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February 26, 2014     Feather River Bulletin
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February 26, 2014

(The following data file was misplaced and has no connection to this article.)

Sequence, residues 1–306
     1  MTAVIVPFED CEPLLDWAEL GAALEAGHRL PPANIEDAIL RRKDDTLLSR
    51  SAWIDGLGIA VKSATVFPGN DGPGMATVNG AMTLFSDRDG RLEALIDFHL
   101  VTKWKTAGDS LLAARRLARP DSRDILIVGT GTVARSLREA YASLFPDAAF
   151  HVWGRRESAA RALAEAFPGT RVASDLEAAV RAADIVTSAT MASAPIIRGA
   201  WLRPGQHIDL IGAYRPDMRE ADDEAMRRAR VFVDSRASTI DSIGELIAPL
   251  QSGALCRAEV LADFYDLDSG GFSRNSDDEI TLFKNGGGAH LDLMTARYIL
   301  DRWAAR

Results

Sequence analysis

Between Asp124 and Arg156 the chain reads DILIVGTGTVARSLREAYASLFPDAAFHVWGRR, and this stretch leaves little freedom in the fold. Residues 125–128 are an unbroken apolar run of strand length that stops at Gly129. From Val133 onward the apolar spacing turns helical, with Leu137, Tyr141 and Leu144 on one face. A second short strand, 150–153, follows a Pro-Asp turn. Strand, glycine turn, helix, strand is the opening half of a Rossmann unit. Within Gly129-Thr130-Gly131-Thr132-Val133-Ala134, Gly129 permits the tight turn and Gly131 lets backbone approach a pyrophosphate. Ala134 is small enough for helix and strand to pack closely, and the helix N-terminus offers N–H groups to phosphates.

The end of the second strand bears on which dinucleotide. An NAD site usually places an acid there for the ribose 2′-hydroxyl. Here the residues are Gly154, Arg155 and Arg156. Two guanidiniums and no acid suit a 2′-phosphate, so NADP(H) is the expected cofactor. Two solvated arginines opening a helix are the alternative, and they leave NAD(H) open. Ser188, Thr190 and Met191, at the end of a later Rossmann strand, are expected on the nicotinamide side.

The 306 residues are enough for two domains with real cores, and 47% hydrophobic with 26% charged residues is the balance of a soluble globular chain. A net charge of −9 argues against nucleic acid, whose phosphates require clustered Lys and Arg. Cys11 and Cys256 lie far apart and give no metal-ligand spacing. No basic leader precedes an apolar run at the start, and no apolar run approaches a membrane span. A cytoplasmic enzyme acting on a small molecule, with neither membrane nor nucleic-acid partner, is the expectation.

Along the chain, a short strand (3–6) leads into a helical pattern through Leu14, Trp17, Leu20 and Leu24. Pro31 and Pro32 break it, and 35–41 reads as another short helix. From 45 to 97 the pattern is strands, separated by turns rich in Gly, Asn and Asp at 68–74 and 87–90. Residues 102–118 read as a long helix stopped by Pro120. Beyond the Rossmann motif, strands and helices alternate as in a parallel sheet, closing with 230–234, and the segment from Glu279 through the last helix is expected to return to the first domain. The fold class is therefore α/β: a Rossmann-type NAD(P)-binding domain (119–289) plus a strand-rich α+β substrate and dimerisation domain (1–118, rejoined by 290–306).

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8B Wednesday, Feb. 26, 2014 Bulletin, Record, Progressive, Reporter Fc00l,;l ari :irude -no" e importc:nl tha n winning Q: Chuck, thank you for your inspiring column last week on Olympic champion snowboarder Sage Kotsenburg. I don't want to take away from his or any other's deserved golden glory, but in a country where sports figures' character is not always -- shall we say -- exemplary, don't you think we-should also commend Olympic champions who truly show gold medal attitudes in the face of defeat? --"Looking Out for Losers" Louisiana A: There are those who are champions on courses of competition. Then there are those who are victors in their caliber of character, too. In our often wayward world, the latter ought to be given not just a gold medal but a golden crown. Being dead last is never fun. I would imagine that it is particularly painful if you've trained like a world champion, traveled halfway around the world and are competing at the Winter Olympics. Roberto Carcelen, of Peru, was racing in a 15-kilometer cross-country skiing event. One unique hurdle he had, however, vas that he was competing with a fractured rib. He had suffered the broken bone days before the J. C-FORCE HEALTH AND FITNESS CHUCK NORRIS i nfo@creators.com Sochi, Russia, games in a training crash. And he ignored the doctor's advice not to compete. Carcelen hadn't come that far to stop at the starting gate. Thrusting his arms back and forth to plant his ski poles in the snow as he competed in the cross-country men's classic must have been like boxing with a broken rib. I can't imagine the pain he must have endured. Carcelen later confirmed: "It was a very ditTmult race for me .... I was in a lot of pain in my right ribs." Carcelen already had made history at the Vancouver Olympics in 2010, when he became Peru's first Olympic athlete. Now he was determined to double down the Peruvian pride and simultaneously win the hearts of people all around the world. For Carcelen, racing with his broken rib, finishing was winning. And that's exactly what he was determined to do as he approached the finish line in last place, waving Peru's flag as he did. Dario Cologna, of Switzerland, had ffmished in first and won the gold (his third) with a time of 38 minutes, 29 seconds. Carcelen crossed the fmish line at one hour, six minutes, 28 seconds. The crowd cheered as Carcelen crossed the finish line. But the Olympic goose-bumps moment came when waiting to greet and embrace him at the finish line was none other than Cologna. Dachhiri Sherpa, of Nepal, who finished second-to-last, also was waiting. Now there's some genuine class. They are true Olympic champions. And Olympic-sized kudos in particular go out to Cologna for sticking around and showing gentleman's gold by commending his fellow and rival Olympians. As Jay Busbee at Yahoo Sporth exclaimed, "what a great Olympic moment." Rachel Chase of Peru this Week reported: "For footage of Carcelen's finish, click here. But be warned, it may cause your heart to grow three sizes and/or restore your faith in humanity." Of course, some might say, it's one thing to show true sportsmanship when one wins but quite another when one loses -- which leads me to this story with a gold medal attitude. Justin Wadsworth, Canadian cross-country skiing coach and three-time Olympic champion himself, was dejected and disheartened after all his athletes were defeated early in Olympic competition. But he still mustered up enough gumption to mosey over to the finish line and watch the end of the men's sprint free semifinals, according to the Toronto Star. He noticed Russian skier Anton Gafarov stumbling over the slope on the horizon. He had crashed -- twice -- broken a ski and struggled along with a strip of the material P-Tex, taken from the bottom of his ski, wrapped around his foot like barbed wire bound around a caught horse's hoof. He was already three minutes behind the leaders. He merely was dragging himself through the last couple of hundred meters of the 1.7-kilometer race to the finish line. Wadsworth looked around the crowd, and everyone was just staring at the once-favored Russian skier gimping down a hill he once glided down. Even his own Russian coaches gazed at him When a champion waits to congratulate a last-place wounded competitor, it shows Olympic sportsmanship. But when a champion bends down on his knees to pick up and serve like deer in the headlights of - one who is his rival, it an oncoming car. According to the Star, Wadsworth later explained: "It was like watching an animal stuck in a trap. You can't just sit there and do nothing about it." So he ran onto the course with a spare ski he had carried over for Canadian racer Alex Harvey. Gafarov knew someone was rushing him a replacement ski, but he didn't recognize the face. As Wadsworth knelt to help him, no words were exchanged, for neither man knew the other's language, but the random act of kindness said everything. After a nod of thanks, Gafarov fled off to finish his race. And Wadsworth's only commentary about the entire incident and why he had helped a rival competitor was this: "I wanted him to have dignity as he crossed the finish line." The video of Wadsworth jumping to help Gafarov is on YouTube, titled "Sochi 2014: Anton Gafarov and Justin Wadsworth." demonstrates Olympic gold. As inspiring as these Olympic stories are, however, they shouldn't come as a shock. But the fact is, in a world where integrity and servanthood take second place to image and superiority, tales of decency stand out like the Olympic torch in the night sky. And they also remind usof a timeless truth: We all need to have victorious values. Morals before medals, others before ourselves. Our character should be solid gold, not merely gold-plated. The golden rule should be our gold standard. And sportsmanship and kindness should always trump winning or seeing our photo on a box of Wheaties. Write to Chuck Norris (infocreators.mm) with questions a bout health and fitness. Copyright 2014 Chuck Norris Distributed by creators.com Study released on irnpaq:ls conifer removal r00.0000;tore aspen slan s A recent collaborative research project by the University of California, Davis and the U.S. Forest Service found that conifer removal to restore aspen stands can be conducted without degrading aquatic ecosystems. The study, conducted by Bobette E. Jones, Monika Krupa find Kenneth W. Tate, took place from 2003 to 2010 and detected no adverse effects to water quality, temperature or aquatic insects when mechanical equipment was used to restore aspen stands adjacent to streams. The study was published in the journal PLOS ONE in December 2013, and it is available at http://bit.ly/112kOD7. Aspen provide many ecological services, including high species and landscape diversity, higher water retention, wildlife habitat and forage for livestock and wildlife. Since aspen provide so many ecological services, there is concern about their decline in the Western U.S. Aspen trees are shade-intolerant and without regular disturbance (fire), conifers eventually shade them out and reduce the ecological services that aspen stands provide. Over 90 percent of aspen stands in forested areas of California have some level of conifer shading. Removing conifers using mechanical equipment to increase sunlight to aspen is an effective technique to restore stands, but there have been concerns with using this approach adjacent to streams. Other scientists lauded the report. "For years aspen stands have declined in vigor and sometimes died because of pressures from encroaching conifers," said Malcolm North, research scientist with the U.S. Forest Service's Pacific Southwest Research Station in Davis. "Reluctance to thin out the conifers because of concern for stream water quality has contributed. This study demonstrates that those impacts are negligible." This long-term study was designed to identify if there would be any negative consequences to aquatic ecosystems when using timber harvest techniques. The study evaluated two aspen restoration projects adjacent to perennial mountain streams on the Lassen National Forest. The research began prior to any treatments, with continued data collection occurring two to seven years following treatments. Soil scientists, hydrologists, fish biologists, foresters, ecologists and University of California; Davis specialists identified key aquatic and soil attributes. These traits included stream temperature, water quality, stream shade, overstory tree canopy cover, aquatic insects, soil compaction and soil moisture. UC Davis researchers analyzed the data and found that water quality did not change following timber harvest implementation. In fact, more than 80 percent of all stream water samples analyzed were below the detection limit, with some meeting drinking water standards. The timber harvest treatments did reduce canopy cover, which resulted in an increase of solar radiation reaching the streams, but there was po corresponding, increase in stream temperature. The aquatic insects also confirmed the water quality results, with the highest percentage of pollution tolerant species detected prior to treatment implementation. Finally, soil moisture availability increased in treated aspen stands compared to untreated stands. This demonstrates that restored aspen stands would be more resilient in drought years. Some previous studies ....... indicate that timber harvest activities were found to impair water quality and aquatic ecosystems. The findings of this study, however, concur with recent r research in which partial " harvesting of areas near streams and rivers can be conducted without damage to, aquatic ecosystems. Land managers can use this study to assist their future decisions for restoration activities near stream areas. 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